Friday, April 4, 2014
The bee sting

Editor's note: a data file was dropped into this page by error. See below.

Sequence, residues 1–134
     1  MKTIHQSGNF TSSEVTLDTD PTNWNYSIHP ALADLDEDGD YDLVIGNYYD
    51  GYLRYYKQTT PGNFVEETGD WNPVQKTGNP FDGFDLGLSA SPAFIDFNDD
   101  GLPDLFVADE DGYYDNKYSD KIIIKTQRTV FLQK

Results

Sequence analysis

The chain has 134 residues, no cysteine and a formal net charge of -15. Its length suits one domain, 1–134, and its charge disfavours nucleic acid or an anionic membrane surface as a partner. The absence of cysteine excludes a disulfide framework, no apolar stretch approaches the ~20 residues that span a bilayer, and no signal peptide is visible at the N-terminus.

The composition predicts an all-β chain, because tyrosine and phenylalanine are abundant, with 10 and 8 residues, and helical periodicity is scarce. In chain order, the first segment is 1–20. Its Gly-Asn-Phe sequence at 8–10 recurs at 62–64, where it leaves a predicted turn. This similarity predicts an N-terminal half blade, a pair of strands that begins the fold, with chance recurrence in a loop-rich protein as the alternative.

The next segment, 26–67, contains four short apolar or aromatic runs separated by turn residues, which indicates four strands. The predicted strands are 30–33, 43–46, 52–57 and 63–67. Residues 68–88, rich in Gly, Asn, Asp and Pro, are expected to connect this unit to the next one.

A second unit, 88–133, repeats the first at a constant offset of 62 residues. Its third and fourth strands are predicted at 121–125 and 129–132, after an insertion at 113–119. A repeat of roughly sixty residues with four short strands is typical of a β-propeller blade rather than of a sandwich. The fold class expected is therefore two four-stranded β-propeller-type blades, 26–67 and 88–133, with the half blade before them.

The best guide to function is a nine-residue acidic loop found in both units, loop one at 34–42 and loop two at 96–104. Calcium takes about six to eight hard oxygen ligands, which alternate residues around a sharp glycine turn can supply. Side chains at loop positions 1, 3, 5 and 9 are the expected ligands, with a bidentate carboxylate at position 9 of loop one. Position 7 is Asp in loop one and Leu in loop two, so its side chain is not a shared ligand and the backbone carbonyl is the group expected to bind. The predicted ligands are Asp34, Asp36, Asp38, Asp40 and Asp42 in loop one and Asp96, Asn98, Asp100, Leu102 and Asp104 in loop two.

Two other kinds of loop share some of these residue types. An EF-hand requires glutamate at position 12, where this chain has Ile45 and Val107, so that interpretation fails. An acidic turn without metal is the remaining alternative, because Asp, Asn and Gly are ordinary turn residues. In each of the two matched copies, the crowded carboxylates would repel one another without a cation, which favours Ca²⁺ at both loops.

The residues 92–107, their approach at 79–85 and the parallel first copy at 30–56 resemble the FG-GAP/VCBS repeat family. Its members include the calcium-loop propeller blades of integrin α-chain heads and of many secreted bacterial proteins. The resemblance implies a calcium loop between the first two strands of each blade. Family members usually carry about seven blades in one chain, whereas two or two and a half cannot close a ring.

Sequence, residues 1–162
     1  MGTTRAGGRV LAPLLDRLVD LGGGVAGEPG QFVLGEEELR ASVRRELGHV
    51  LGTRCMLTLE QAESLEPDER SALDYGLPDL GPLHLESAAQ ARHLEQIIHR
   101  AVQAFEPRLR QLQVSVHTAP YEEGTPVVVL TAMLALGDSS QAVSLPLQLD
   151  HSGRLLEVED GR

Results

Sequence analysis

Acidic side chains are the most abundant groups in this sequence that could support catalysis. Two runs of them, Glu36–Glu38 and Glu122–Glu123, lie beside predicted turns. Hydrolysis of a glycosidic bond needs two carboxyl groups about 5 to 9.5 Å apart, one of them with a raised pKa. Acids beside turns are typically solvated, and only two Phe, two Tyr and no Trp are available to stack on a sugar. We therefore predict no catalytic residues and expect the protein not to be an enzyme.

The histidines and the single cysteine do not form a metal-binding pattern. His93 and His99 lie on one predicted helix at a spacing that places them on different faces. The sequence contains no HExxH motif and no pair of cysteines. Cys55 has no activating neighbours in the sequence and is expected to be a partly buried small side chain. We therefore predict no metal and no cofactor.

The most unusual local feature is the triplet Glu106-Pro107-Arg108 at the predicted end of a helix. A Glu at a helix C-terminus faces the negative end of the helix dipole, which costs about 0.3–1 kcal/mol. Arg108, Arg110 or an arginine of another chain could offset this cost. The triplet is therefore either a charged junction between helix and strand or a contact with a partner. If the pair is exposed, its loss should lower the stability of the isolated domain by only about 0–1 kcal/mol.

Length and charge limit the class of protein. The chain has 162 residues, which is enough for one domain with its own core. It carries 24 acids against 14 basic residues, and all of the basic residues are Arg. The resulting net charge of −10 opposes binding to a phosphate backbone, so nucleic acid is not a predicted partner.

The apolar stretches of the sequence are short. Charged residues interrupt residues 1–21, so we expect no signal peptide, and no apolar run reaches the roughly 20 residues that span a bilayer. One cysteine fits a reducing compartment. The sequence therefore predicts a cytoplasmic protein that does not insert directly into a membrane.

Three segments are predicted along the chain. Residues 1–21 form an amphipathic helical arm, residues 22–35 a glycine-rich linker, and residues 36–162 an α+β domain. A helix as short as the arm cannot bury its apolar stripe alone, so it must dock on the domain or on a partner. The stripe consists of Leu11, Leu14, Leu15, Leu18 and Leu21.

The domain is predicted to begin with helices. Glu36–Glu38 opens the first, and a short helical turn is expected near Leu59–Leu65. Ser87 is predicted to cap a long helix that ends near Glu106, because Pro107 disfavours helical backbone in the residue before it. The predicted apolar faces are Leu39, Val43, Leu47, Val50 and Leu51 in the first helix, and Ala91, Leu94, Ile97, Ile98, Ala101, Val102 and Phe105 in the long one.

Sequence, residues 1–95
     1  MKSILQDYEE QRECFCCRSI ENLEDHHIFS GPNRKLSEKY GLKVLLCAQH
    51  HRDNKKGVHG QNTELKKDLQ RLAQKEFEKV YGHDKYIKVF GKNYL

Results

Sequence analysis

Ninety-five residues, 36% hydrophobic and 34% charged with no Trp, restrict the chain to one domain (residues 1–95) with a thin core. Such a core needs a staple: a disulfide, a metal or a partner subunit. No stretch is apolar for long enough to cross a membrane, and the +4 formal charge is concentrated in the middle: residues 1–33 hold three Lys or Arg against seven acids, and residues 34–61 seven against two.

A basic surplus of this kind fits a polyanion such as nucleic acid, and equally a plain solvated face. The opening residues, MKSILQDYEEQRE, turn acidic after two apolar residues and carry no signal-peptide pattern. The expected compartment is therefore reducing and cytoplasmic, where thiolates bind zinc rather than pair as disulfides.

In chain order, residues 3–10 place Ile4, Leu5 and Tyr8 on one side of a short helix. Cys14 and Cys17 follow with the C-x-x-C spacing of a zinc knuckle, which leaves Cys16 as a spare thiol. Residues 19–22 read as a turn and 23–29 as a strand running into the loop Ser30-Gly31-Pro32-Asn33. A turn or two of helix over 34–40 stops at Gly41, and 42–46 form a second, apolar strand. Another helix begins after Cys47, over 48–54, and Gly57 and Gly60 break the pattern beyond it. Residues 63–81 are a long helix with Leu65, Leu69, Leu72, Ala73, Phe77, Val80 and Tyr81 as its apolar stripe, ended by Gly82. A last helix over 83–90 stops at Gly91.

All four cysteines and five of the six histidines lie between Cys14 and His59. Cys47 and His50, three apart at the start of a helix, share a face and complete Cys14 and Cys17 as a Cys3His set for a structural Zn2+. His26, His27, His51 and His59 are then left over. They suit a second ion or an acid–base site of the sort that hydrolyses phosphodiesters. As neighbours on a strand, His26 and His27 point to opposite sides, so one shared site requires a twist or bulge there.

We were six mile in to our days hike with six more to go to our next camp site. We were about ten miles from the road where we had hiked in yesterday- and well out of cellphone service. I was caught up in a riddle that was successfully distracting the three kids behind me from the aching in their legs. My mind was 1/3 on the pain in my knees, 1/3 on the riddle, and 1/3 on the fact that our water bottles were near empty and we'd estimated on the map we should've passed a fill-up point a mile back- but we hadn't. All of a sudden, snapping me out of my thoughts, Johnny called to me, "Izzy, Rob just got stung by a bee, you better come back here." I should probably mention that earlier that day I had been stung by a bee and Rob had mentioned he thought he was allergic. I relayed this to my co-leader John and we'd decided that since it wasn't on his me form it probably wasn't as big a deal as Rob said it was but that we should probably remain aware of it. We are not allowed to carry or administer epi-pens on our trips unless a participant comes prescribed with one. Picturing the worst, I dropped by backpack and ran back to Rob. He was sitting on a boulder looking dazed. "Hey bud, you okay?" I asked, remaining calm. "My legs are tingly and I think my tongue might feel funny," he said not making eye contact. I glance back at John. "Okay, don't worry you're going to feel better once the stinging goes away, let's see here..." As I opened the med kit I was already calculating how many Benadryl to give to a kid Robs size. I tried not to think about how, 10 miles out, if someone were to go into anaphylactic shock, we would be hard-pressed to do much about it.